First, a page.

In August 2014 we sailed onboard RV Pelagia from Las Palmas (Spain) to Mindelo, Sao Vicente, Cape Verde Islands.
In August 2014 we’ve set sail again to collect Saharan dust from the very first dust-collecting buoy Carmen, which had been deployed in November 2013, and which had been collecting dust since then.
This was the first time we’d see how well the buoys perform. Below you’ll find an impression of this trip, which took of in Las Palmas de Gran Canaria (Spain) and ended in Mindelo, Sao Vicente (Cape Verdian Islands).
Click on the Pelagia to see her present position
It always feels like coming home when boarding the Pelagia; this time in Las Palmas de Gran Canaria (Spain)
Dolphins frolicking in the bow wave!
Since November 2013, the buoy had been sending messages twice daily containing info on its position, sampling status and weather. Here you see how the buoy has the freedom to move in a circle around the anchor stone of about 5km. The NE trades ensure that the buoy spends most of its time in the SW corner.
As the buoy has a flasher, it can be seen from a distance of 4.5nm already! For this reason, we aimed at getting visual contact around sunrise. Here you see a happy Bob and even happier me to see buoy Carmen next to the ship.
Excellent timing: just that morning, the wind had decided to slacken, giving Jan-Dirk, Fred, and Martin the opportunity to attach lines to the buoy, using the MOB boat, so that the buoy could be hoisted on deck.
3 tonnes worth of buoy and who knows many added kilos of mussels that have attached themselves to it, need careful treatment; bosun Ger and chief technician Yvo have it all well under control, so that Martin can watch with his hands on his back.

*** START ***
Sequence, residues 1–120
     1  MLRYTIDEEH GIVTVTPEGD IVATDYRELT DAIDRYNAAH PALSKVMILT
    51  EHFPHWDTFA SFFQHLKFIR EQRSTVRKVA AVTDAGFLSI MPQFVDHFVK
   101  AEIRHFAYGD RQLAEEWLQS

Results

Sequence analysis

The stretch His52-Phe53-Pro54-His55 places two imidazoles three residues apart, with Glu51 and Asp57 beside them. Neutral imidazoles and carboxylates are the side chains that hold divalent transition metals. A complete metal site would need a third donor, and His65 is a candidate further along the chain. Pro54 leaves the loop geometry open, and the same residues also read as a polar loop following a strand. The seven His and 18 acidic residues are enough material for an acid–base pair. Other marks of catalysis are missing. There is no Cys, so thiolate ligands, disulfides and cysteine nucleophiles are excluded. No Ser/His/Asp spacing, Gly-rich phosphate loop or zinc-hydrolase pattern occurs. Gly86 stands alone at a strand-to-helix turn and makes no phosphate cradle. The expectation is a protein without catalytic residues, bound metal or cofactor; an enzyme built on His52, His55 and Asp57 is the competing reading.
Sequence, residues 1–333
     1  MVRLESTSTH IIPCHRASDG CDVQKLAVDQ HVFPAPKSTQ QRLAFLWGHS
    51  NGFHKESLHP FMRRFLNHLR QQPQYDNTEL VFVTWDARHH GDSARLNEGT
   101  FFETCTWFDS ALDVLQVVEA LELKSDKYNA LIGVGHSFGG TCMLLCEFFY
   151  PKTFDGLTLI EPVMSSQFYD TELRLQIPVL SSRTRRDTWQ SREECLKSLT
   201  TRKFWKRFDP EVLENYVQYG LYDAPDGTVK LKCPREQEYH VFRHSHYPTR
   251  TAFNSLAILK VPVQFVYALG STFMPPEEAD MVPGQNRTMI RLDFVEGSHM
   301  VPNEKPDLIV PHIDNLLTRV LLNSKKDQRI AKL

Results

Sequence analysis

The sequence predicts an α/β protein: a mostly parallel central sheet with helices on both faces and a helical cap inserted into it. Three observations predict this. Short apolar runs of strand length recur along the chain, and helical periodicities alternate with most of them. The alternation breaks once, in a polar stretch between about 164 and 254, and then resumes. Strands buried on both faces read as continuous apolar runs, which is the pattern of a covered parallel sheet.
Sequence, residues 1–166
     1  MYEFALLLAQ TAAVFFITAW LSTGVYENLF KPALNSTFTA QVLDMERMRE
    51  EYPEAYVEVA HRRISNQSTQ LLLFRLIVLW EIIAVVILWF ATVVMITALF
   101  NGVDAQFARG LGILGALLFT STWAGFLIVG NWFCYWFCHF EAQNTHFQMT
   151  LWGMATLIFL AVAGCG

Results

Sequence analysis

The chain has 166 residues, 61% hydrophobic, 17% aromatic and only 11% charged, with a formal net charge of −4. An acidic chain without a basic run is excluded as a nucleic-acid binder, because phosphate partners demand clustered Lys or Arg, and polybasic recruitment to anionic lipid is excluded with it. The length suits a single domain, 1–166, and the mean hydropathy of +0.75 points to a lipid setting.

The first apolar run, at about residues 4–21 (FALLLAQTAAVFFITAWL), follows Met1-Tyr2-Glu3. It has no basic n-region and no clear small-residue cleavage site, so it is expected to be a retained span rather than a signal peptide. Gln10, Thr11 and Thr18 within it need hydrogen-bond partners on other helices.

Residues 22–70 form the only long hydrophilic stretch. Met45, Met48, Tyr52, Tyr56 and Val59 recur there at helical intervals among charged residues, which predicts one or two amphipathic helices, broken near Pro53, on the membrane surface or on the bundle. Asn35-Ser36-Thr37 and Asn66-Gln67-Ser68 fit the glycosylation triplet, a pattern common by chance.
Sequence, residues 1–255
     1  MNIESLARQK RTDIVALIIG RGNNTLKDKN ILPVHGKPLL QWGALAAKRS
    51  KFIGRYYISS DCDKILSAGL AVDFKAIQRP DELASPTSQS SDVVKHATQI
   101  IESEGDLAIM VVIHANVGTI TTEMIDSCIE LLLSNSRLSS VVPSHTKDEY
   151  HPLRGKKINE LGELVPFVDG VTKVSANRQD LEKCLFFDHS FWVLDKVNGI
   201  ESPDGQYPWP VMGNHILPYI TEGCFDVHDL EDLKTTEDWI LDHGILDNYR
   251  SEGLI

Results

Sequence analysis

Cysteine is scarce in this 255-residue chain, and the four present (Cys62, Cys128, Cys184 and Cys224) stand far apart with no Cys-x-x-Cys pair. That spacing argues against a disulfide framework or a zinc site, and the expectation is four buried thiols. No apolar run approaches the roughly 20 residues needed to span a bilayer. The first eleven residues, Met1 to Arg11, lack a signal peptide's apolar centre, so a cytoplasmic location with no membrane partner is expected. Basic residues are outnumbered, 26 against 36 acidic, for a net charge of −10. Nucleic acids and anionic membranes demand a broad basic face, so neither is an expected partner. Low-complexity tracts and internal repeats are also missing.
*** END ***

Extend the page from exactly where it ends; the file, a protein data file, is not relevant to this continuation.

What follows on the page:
Next to thousands of mussels (mostly gooseneck barnacles, Lepadidae, eendenmossels), the buoy had grown to be home to other animals, such as these crabs. I suppose it wasn’t their lucky day, or maybe it was given that they gave their lives for science....
Interesting biology on the buoy and interesting things on/in the line: bigh fish hooks and lamps to lure fish. Fortunately, this time the line was sturdy enough to not be cut through. To be sure we added another 10m of steel chain; no hook is going to cut that!
These two pictures sum it all up quite nicely; the front (upper image) and back of the Vaisala weather sensor (lower image). As the buoy’s wind vane keeps it oriented into the wind, only the front of the sensor is covered in dust. The weather data, together with the collected dust (the real stuff happens inside the sampler of course, where dust is collected on filters)are unique in the world and will hopefully answer a lot of burning questions related to Saharan-dust transport and deposition.
Just out of curiosity, we added a MWAC (Modified Wilson And Cook) sampler, giving us quite a yield of dust and water: a 10-months’ average!
This, however, is what makes us really happy: a full filter that collected Saharan dust during only 7 days! The dust was collected in sync with a sediment trap, managed by colleagues in Bremen, so that we can compare what’s flying through the air€¯ with what’s sinking through the water column€¯, hopefully giving us clues about the fertilizing effect of mineral dust.
To minimize the risk of fish hooks cutting our lines, we added additional steel chain.
With a complete new tower, buoy Carmen is being re-deployed.
Wishing buoy Carmen good luck, nice weather and LOADS of dust! See you next year!